The Dark at the End of the Tunnel
Cemetery Dance Publications (digital edition)
Crystal Lake Publishing (print edition)
Review disclaimer: I received an electronic review copy of this book from the author in exchange for an honest review
I first became aware of Taylor Grant’s writing through a short story he published in Horror for Good, an anthology I gave a rave review to when it first came out. Since then, he has continued to produce a steady stream of quality tales, many of which have been put together in this masterful collection released near the end of last year.
The first story of the collection is an accurate and sad commentary on the fraying of relationships between spouses, people’s incessant desire to climb higher and higher on the corporate ladder, and this constant competition to be #1 all the time that permeates throughout most of Western society (and drives me nuts).
I formed an idea in my mind of what was going on with the main character, who started to show more aggressive impulses and increased recklessness to other people as the story went on, but it never offered an explanation, and to be honest, that made the story stronger.
This story was a great choice to kick off the collection. I found it to be a timely reminder that in this age of “highlight reel” culture on social media, we all want other people to believe we’re happy all the time and doing better than they are, but the reality is that people are not half as happy as they claim to be.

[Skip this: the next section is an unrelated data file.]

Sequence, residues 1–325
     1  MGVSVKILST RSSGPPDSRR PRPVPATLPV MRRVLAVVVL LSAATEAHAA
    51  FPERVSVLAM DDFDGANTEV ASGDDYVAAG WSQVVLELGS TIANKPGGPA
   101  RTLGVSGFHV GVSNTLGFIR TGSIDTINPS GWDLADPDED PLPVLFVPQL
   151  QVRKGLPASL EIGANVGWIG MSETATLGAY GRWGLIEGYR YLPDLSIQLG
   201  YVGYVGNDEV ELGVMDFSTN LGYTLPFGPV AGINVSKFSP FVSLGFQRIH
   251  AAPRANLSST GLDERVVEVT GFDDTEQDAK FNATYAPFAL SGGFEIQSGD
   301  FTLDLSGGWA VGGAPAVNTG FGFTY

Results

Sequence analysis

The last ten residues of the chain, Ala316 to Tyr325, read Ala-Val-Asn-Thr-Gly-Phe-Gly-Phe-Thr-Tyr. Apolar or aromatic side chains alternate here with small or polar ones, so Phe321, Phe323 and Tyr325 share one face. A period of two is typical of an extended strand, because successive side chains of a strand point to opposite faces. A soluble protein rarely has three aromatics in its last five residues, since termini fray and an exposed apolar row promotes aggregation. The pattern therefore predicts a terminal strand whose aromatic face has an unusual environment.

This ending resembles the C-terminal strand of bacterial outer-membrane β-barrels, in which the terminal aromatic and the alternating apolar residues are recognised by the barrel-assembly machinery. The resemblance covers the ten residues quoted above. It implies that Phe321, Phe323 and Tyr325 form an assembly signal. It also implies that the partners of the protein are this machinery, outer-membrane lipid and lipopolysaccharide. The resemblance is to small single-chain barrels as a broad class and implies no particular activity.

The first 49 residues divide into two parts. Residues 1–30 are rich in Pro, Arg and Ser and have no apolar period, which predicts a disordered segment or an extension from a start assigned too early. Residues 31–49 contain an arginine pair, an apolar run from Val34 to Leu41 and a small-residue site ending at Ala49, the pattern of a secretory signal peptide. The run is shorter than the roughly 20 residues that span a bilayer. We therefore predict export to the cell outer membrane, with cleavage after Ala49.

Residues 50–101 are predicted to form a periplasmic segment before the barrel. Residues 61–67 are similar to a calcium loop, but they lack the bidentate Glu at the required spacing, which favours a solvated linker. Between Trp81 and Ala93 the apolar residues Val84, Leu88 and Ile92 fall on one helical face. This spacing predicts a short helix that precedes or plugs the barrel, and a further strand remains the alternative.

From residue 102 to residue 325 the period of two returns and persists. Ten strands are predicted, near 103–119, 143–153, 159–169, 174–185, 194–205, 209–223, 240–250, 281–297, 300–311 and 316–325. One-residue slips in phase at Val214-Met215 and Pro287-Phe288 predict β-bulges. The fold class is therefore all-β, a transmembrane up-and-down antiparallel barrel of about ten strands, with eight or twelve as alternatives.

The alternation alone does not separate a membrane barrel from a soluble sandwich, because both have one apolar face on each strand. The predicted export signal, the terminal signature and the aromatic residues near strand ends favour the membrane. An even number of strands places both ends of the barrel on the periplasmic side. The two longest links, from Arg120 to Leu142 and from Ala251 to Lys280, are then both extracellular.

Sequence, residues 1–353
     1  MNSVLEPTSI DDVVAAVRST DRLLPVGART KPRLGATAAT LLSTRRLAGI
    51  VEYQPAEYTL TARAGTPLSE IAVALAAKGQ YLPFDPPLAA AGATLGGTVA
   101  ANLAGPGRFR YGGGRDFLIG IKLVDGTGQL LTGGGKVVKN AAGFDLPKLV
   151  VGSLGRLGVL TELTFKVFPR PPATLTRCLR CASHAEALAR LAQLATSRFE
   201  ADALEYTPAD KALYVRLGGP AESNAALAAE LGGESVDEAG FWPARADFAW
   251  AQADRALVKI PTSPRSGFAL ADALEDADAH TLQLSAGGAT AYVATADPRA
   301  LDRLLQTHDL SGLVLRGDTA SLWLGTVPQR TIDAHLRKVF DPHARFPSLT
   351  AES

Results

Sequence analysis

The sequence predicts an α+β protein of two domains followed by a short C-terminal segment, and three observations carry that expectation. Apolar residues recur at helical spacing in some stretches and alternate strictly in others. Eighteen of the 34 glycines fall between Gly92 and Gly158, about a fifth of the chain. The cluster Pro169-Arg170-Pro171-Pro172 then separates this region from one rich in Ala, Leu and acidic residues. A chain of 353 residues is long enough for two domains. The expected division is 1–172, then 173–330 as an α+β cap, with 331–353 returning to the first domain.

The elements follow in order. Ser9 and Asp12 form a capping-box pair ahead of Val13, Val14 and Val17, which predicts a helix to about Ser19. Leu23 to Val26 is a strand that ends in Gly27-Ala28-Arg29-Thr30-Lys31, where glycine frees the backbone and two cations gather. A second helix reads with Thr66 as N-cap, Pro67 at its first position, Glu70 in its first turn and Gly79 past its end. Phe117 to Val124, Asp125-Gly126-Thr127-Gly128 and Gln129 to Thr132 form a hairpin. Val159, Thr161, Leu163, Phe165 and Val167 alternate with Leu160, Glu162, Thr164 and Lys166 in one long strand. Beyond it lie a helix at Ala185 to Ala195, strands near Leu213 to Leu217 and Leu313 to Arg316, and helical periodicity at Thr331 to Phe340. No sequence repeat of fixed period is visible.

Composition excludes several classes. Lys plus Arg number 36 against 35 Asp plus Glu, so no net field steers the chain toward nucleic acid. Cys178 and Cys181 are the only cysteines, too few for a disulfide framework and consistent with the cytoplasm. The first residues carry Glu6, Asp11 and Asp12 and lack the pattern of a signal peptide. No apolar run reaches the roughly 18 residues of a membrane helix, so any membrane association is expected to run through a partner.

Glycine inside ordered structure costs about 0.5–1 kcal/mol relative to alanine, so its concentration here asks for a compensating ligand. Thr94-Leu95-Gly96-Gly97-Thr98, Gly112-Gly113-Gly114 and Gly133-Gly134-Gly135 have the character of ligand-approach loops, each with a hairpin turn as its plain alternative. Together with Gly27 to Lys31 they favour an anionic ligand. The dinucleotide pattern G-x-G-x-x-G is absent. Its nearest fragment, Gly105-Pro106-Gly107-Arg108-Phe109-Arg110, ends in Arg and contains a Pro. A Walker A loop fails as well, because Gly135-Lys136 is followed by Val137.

The next story, “The Silent Ones,” is the tale I originally read in Horror for Good. I thought it was excellent then, and I maintain that now. It’s about a guy who’s going a bit mad because he’s convinced that he is becoming invisible. When he throws a tantrum in the office one day, he gets negative attention, but this makes him lose his mind even more. He’s not dead and he doesn’t think he’s a ghost, yet he can’t seem to figure out what’s going on with him.
On the whole, one of Grant’s strengths as a storyteller is that he doesn’t hit the reader over the head with conclusions they’re “supposed to” come to and he often doesn’t explain the cause of what is affecting his characters. He illustrated this technique very well in “The Silent Ones,” which left the true cause of the main character’s malady a mystery and I felt this made the story more interesting.
“The Vood” is about a shadow entity that kills people and it seems to torment one guy in particular. He does his best to run from this creature, but it always catches up to him and as time goes by, it becomes more aggressive. This story worked for me on a deeper level as it suggested a commentary about mental health issues. Those of us who struggle with this daily have a tendency to run away and to rely on avoidance. For some people this looks like bingeing on alcohol or recreational drugs while others drown themselves in a Netflix addiction or use food as their solace. Anything is preferable than confronting the root of why we are the way we are.
“Dead Pull Show” is a story that, in a clumsier writer’s hands, could easily have come off as a cartoonish Disney production–a comical interlude not unlike the violence of Tom & Jerry–but Grant delivers a masterful tale of revenge using a devious and terrible protagonist who has done horrifying things. It’s not easy to use the point of view of someone as despicable as this protagonist, because in order for a story to work, a reader must be invested in the main character, find them sympathetic, or at the most basic level be interested in what that person is doing. In this case, my desire as a reader was to see this horrid person get some kind of comeuppance, something that only intensified as the story went on, and I think Grant did an excellent job using this as his anchor with which to generate suspense and tension throughout the piece.